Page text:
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      The Neurobiology and Pharmacotherapy of Posttraumatic Stress Disorder

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          Abstract

          New approaches to the neurobiology of posttraumatic stress disorder (PTSD) are needed to address the reported crisis in PTSD drug development. These new approaches may require the field to move beyond a narrow fear-based perspective, as fear-based medications have not yet demonstrated compelling efficacy. Antidepressants, particularly recent rapid-acting antidepressants, exert complex effects on brain function and structure that build on novel aspects of the biology of PTSD, including a role for stress-related synaptic dysconnectivity in the neurobiology and treatment of PTSD. Here, we integrate this perspective within a broader framework—in other words, a dual pathology model of (a) stress-related synaptic loss arising from amino acid–based pathology and (b) stress-related synaptic gain related to monoamine-based pathology. Then, we summarize the standard and experimental (e.g., ketamine) pharmacotherapeutic options for PTSD and discuss their putative mechanism of action and clinical efficacy.

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          Most cited references118

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          Synaptic plasticity and depression: new insights from stress and rapid-acting antidepressants.

          Depression is a common, devastating illness. Current pharmacotherapies help many patients, but high rates of a partial response or no response, and the delayed onset of the effects of antidepressant therapies, leave many patients inadequately treated. However, new insights into the neurobiology of stress and human mood disorders have shed light on mechanisms underlying the vulnerability of individuals to depression and have pointed to novel antidepressants. Environmental events and other risk factors contribute to depression through converging molecular and cellular mechanisms that disrupt neuronal function and morphology, resulting in dysfunction of the circuitry that is essential for mood regulation and cognitive function. Although current antidepressants, such as serotonin-reuptake inhibitors, produce subtle changes that take effect in weeks or months, it has recently been shown that treatment with new agents results in an improvement in mood ratings within hours of dosing patients who are resistant to typical antidepressants. Within a similar time scale, these new agents have also been shown to reverse the synaptic deficits caused by stress.
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            Synaptic dysfunction in depression: potential therapeutic targets.

            Basic and clinical studies demonstrate that depression is associated with reduced size of brain regions that regulate mood and cognition, including the prefrontal cortex and the hippocampus, and decreased neuronal synapses in these areas. Antidepressants can block or reverse these neuronal deficits, although typical antidepressants have limited efficacy and delayed response times of weeks to months. A notable recent discovery shows that ketamine, a N-methyl-D-aspartate receptor antagonist, produces rapid (within hours) antidepressant responses in patients who are resistant to typical antidepressants. Basic studies show that ketamine rapidly induces synaptogenesis and reverses the synaptic deficits caused by chronic stress. These findings highlight the central importance of homeostatic control of mood circuit connections and form the basis of a synaptogenic hypothesis of depression and treatment response.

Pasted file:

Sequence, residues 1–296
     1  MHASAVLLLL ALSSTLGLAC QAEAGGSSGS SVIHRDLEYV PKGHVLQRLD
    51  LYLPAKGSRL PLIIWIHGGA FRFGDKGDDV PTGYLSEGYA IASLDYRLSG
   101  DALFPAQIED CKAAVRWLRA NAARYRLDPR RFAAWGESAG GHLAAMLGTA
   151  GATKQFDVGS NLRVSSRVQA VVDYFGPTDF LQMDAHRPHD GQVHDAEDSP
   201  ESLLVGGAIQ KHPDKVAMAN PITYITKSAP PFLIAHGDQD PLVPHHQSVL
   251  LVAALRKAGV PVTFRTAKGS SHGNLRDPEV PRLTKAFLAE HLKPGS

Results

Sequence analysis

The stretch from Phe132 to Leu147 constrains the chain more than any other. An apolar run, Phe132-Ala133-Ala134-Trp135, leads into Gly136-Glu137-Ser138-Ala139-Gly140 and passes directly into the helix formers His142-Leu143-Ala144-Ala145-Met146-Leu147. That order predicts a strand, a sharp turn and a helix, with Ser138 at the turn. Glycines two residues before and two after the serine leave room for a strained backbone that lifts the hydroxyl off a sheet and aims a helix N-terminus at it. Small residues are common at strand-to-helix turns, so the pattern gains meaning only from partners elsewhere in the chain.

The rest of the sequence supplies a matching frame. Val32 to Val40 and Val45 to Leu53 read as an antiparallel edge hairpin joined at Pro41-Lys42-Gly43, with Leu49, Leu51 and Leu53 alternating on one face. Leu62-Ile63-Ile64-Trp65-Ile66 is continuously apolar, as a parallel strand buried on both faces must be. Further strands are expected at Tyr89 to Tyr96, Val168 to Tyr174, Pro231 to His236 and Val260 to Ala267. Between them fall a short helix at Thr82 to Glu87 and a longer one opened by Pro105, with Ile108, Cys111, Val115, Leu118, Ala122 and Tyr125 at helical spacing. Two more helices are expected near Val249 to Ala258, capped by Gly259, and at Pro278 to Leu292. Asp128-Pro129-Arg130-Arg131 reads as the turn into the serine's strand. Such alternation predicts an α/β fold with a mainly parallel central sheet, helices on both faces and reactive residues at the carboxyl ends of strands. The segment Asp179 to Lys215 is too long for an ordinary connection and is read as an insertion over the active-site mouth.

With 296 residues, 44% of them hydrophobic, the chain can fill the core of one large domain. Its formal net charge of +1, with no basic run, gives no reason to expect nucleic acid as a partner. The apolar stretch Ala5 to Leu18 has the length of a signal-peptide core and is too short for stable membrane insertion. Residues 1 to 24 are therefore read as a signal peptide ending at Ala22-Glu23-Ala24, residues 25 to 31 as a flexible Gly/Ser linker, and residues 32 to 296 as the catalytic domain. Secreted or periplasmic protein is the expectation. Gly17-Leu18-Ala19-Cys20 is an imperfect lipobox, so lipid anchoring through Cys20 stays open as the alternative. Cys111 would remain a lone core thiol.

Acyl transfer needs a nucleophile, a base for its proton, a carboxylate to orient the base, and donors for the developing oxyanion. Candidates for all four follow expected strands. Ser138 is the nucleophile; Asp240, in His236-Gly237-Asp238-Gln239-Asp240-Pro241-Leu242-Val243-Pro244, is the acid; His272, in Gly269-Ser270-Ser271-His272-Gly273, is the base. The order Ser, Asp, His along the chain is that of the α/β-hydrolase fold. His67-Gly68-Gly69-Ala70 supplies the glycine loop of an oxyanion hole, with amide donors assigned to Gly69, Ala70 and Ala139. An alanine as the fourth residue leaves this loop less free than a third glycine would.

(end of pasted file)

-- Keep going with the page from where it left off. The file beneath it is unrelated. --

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              The stressed synapse: the impact of stress and glucocorticoids on glutamate transmission.

              Mounting evidence suggests that acute and chronic stress, especially the stress-induced release of glucocorticoids, induces changes in glutamate neurotransmission in the prefrontal cortex and the hippocampus, thereby influencing some aspects of cognitive processing. In addition, dysfunction of glutamatergic neurotransmission is increasingly considered to be a core feature of stress-related mental illnesses. Recent studies have shed light on the mechanisms by which stress and glucocorticoids affect glutamate transmission, including effects on glutamate release, glutamate receptors and glutamate clearance and metabolism. This new understanding provides insights into normal brain functioning, as well as the pathophysiology and potential new treatments of stress-related neuropsychiatric disorders.
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                Author and article information

                Journal
                Annual Review of Pharmacology and Toxicology
                Annu. Rev. Pharmacol. Toxicol.
                Annual Reviews
                0362-1642
                1545-4304
                January 06 2019
                January 06 2019
                : 59
                : 1
                : 171-189
                Affiliations
                [1 ]Clinical Neuroscience Division, Department of Veterans Affairs National Center for Posttraumatic Stress Disorder, Veterans Affairs Connecticut Healthcare System, West Haven, Connecticut 06516, USA;
                [2 ]Department of Psychiatry, Yale University School of Medicine, New Haven, Connecticut 06511, USA
                Article
                10.1146/annurev-pharmtox-010818-021701
                6326888
                30216745
                134fb456-29b0-4eb6-8b13-4b2b9995a034
                © 2019

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